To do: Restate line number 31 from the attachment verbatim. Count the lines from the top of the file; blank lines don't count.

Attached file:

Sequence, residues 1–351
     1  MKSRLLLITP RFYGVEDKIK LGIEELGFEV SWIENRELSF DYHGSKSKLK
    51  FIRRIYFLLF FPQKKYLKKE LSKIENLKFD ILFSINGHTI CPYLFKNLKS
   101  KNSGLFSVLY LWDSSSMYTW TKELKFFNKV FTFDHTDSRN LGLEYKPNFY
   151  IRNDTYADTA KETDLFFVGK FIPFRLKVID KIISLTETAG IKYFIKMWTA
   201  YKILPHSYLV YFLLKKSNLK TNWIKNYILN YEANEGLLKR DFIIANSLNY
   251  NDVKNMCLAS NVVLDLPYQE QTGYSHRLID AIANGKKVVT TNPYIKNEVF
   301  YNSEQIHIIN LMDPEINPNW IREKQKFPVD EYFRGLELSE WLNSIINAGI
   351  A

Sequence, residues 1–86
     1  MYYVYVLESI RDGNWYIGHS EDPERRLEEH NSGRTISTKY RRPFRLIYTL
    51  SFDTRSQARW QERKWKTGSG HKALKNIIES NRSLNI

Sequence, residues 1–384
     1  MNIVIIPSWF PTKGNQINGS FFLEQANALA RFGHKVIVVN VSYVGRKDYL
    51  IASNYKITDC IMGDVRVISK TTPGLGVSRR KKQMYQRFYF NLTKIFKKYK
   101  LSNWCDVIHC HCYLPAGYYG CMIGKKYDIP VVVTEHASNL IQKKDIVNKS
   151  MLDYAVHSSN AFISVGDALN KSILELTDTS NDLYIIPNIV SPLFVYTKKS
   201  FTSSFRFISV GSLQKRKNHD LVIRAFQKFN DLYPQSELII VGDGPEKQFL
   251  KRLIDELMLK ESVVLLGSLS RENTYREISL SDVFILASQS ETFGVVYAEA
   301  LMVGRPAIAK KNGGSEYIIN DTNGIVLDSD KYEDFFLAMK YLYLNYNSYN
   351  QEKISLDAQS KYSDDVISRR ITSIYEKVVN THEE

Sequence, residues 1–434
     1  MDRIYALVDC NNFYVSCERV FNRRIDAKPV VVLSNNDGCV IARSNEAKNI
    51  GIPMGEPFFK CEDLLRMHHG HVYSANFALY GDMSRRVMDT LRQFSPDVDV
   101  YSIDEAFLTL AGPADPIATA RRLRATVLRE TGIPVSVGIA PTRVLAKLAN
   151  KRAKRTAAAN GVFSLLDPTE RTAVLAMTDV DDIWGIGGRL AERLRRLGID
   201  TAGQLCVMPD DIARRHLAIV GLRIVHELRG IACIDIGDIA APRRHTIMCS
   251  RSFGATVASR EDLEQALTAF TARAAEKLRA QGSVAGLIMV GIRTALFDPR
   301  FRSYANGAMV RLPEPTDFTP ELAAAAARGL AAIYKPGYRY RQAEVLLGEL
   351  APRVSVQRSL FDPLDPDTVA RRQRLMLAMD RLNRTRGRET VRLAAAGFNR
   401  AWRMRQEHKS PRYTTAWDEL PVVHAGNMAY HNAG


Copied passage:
   401  AWRMRQEHKS PRYTTAWDEL PVVHAGNMAY HNAG